In a Democratic convention that was relatively short on surprises, a big one that packed an emotional wallop came from a young man who is still years away from being old enough to vote.
“Hi, my name is Brayden Harrington, and I’m 13 years old,” he began somewhat haltingly, “and without Joe Biden I wouldn’t be talking to you today. About a few months ago, I met him in New Hampshire. He told me that we were members of the same club.”
“We ——” a nation held its breath for nearly six seconds as Brayden struggled to get the word out “—— stutter.”
Mr. Biden had a debilitating stutter as a child, and he has befriended young people he has met through the years who stutter as well.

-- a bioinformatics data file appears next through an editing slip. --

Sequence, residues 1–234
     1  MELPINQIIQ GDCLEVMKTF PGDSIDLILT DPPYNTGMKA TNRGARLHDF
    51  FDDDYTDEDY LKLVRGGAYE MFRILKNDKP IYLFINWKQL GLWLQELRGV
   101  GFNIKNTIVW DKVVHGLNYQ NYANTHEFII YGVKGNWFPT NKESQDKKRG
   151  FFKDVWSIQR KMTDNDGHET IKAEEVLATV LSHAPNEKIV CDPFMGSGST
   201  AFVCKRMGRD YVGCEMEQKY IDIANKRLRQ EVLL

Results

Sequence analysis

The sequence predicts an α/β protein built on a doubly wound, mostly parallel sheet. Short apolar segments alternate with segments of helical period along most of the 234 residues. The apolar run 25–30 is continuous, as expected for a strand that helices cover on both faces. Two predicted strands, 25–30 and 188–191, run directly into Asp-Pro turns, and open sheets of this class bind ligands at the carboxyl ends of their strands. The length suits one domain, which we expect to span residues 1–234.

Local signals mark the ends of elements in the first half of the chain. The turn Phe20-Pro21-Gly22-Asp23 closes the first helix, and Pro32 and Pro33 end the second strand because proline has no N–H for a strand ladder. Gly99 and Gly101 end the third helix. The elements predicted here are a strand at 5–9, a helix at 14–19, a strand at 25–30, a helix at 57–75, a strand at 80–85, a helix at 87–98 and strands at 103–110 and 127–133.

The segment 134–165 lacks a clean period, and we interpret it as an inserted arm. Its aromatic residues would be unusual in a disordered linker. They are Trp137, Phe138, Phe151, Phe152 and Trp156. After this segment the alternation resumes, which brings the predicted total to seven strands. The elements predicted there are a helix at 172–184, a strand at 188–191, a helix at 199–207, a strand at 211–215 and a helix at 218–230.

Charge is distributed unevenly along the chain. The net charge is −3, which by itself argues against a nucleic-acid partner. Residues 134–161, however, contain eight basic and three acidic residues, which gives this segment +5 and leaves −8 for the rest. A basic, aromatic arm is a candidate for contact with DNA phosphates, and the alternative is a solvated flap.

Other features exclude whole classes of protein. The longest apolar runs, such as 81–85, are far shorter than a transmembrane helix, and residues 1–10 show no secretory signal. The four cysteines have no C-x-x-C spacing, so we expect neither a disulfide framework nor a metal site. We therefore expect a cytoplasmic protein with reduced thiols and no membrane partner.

Brayden’s two-minute speech was a remarkable display of vulnerability and courage, and it reminded viewers who may have winced at Mr. Biden’s uneven performances that there can be more important qualities in a public speaker than clear and controlled cadences.
He talked about how Mr. Biden had made him feel more confident and hopeful about what he could accomplish. Then he wrapped up his remarks in a way that eloquently captured Mr. Biden’s core message.
“We all want the world to feel better,” he said. “We need the world to feel better.”